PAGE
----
The Russian Bear?
With news breaking that Russia has just suspended all exports of gas to and through Ukraine, what will the impact be on Europe and why has Russia chosen once again to take such drastic action?
Exports of gas from Russia fell 6% between 2006 and 2007 according to the BP statistical review of world energy. Production fell from 612.1 to 607.4 billion cubic meters (bcm) per annum and domestic consumption rose from 432.1 to 438.8 bcm per annum leading to a fall in exported gas.
Is Russia withholding gas supplies leading to higher prices and manipulation of its market position? Or is the Russian gas supply system unable to meet demand?
A couple of days ago I asked Jerome and Rune to write short posts on the unfolding Russian - Ukrainian gas crisis. Jerome's response was that this is not news - "it happens every year". But with Russian gas supplies now reported to be halted to and through Ukraine in the dead of winter the consequences for Europe are not good. Even if the dispute gets resolved within a few days.
The background to this long running dispute is complex, but put simply:
- The Russian gas supply and transit system is inherited from the Soviet era when Ukraine was an integral part of that system.
- Much of Russian gas exports to Europe must transit Ukraine, placing Ukraine in a position of power and influence well beyond the courtesy of allowing pipelines to transit its territory.
- Ukraine is essentially bankrupt and unable to pay full rates for Russian gas and is thus reported to help itself to some of the in-transit gas.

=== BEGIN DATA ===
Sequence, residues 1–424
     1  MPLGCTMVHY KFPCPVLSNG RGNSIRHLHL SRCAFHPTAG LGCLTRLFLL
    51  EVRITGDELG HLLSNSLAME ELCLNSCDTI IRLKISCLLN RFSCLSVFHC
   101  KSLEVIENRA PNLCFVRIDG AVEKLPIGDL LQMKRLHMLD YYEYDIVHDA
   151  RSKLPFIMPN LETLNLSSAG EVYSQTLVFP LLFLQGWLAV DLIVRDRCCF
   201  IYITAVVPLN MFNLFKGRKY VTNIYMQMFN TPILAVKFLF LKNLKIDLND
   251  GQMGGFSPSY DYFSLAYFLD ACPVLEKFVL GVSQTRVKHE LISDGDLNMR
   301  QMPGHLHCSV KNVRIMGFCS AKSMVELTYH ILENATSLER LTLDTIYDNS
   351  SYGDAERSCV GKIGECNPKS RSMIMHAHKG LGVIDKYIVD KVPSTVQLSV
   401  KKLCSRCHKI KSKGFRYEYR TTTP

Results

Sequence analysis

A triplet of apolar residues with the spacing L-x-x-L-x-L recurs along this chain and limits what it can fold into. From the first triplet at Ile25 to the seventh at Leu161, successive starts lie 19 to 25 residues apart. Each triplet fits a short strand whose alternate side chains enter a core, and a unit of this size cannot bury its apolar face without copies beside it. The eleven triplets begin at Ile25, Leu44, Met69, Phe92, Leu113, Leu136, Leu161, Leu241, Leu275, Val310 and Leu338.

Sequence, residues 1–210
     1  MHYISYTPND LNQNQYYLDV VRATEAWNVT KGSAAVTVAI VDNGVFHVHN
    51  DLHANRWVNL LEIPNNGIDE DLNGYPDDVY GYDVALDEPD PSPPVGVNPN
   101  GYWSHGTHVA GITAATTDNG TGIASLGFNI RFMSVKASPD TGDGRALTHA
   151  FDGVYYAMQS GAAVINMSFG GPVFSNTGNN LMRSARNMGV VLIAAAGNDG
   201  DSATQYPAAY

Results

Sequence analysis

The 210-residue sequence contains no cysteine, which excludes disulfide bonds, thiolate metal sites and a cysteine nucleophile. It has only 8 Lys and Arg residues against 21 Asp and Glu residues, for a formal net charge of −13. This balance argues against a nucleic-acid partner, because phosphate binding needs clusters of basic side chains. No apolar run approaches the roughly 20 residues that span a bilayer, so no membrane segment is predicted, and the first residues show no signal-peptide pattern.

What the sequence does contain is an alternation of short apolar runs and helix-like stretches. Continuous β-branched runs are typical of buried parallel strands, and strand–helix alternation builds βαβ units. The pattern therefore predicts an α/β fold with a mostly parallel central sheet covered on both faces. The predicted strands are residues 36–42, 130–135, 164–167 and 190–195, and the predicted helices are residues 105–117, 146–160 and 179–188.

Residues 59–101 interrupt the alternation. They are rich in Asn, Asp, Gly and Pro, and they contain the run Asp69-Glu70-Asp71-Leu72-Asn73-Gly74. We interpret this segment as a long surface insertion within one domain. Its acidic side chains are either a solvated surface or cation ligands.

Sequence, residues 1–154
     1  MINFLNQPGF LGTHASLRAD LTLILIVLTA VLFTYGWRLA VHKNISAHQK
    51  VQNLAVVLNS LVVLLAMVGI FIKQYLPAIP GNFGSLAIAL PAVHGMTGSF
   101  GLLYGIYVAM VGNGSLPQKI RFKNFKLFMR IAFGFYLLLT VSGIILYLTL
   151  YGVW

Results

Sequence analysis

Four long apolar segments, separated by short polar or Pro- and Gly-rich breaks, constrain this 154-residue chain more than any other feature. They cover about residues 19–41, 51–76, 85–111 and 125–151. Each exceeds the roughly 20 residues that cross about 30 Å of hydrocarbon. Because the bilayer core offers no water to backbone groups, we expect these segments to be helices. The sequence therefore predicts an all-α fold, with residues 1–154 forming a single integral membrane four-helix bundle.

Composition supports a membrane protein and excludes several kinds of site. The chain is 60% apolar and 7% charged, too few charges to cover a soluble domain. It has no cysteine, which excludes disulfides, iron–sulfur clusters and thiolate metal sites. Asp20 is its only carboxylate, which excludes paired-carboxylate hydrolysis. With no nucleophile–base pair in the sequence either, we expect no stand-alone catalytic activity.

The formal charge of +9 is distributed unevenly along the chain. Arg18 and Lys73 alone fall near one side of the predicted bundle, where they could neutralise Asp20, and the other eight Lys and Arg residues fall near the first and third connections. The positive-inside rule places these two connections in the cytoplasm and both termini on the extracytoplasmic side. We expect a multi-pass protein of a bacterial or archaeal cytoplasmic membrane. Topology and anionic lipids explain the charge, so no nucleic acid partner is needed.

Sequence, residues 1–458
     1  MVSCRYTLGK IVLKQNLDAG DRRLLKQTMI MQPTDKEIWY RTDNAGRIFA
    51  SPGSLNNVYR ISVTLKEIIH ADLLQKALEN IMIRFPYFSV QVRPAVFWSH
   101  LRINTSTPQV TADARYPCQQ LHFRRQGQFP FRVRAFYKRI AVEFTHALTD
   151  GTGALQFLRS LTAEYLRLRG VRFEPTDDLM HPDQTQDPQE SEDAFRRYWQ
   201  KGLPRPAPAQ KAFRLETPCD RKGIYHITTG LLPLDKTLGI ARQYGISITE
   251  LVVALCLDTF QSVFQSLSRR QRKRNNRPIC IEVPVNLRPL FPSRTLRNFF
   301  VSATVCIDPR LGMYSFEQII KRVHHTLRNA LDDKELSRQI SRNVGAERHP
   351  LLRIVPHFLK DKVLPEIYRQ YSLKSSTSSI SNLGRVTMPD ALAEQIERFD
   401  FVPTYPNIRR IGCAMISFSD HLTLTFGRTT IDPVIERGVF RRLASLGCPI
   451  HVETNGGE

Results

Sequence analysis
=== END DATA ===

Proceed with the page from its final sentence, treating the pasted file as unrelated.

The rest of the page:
- Russia has hit economic hardship with the fall in oil prices and can likely ill-afford to subsidise gas supplies to Ukraine.
- Russia and Europe are mutually dependent upon each other in the energy market and both are dependent upon Ukraine for transit of much of Russian gas exports.
Has Russian Gas Production Peaked?
This is impossible to answer. However, this chart from Jean Laherrere shows the three super giants - Yamburg, Urengoy and Medvezhye - in decline and that new projects will only compensate for decline going forward.
Russia planning to develop the remote Shtockman Field in the Barents Sea tends to suggest that all is not well on the supply front.
Falling Oil Production
Russian oil production has shown signs of falling. And this combined with recent moves to cut oil production in coordination with OPEC may lead to a fall in associated gas production. This could add further strain to gas supplies.
Who imports Russian Gas?
The chart shows the destinations of Russian gas pipeline exports in 2006. And so these are the countries that may be affected by reduced gas supplies from Russia. The larger West European nations have diversified sources with Norway and Algeria being the principal alternatives. They also have large gas storage facilities that will keep the gas flowing for a while at least. Turkey receives gas via a separate pipeline and is thus unaffected directly by the Ukrainian dispute.
Its Winter Time
Needless to say these disputes arise in winter when demand is high for heating - in Russia and Europe - and supplies are strained.
Russia and Europe are in the deep freeze, 7 January 2009. Source BBC World weather and UK MET office.
Russia has been a reliable long term energy supplier to Europe and will likely continue to be so for the foreseeable future. At the same time, Russia has rights to maximise returns on its main asset which is energy.
When Russia and Ukraine go through their annual ritualistic gas spat, analysts should begin to question Russian ability to supply peak gas demand in the dead of a cold winter.
It seems that Russia is ultimately aiming to have the EU countries pay for the gas borrowed by Ukraine in leu of transit privileges. This will lead to Russia receiving full market value for gas exports and rising energy costs in Europe that will of course lower demand making it easier for Russia to meet its export obligations.
Some of Jerome's views are published here on European Tribune.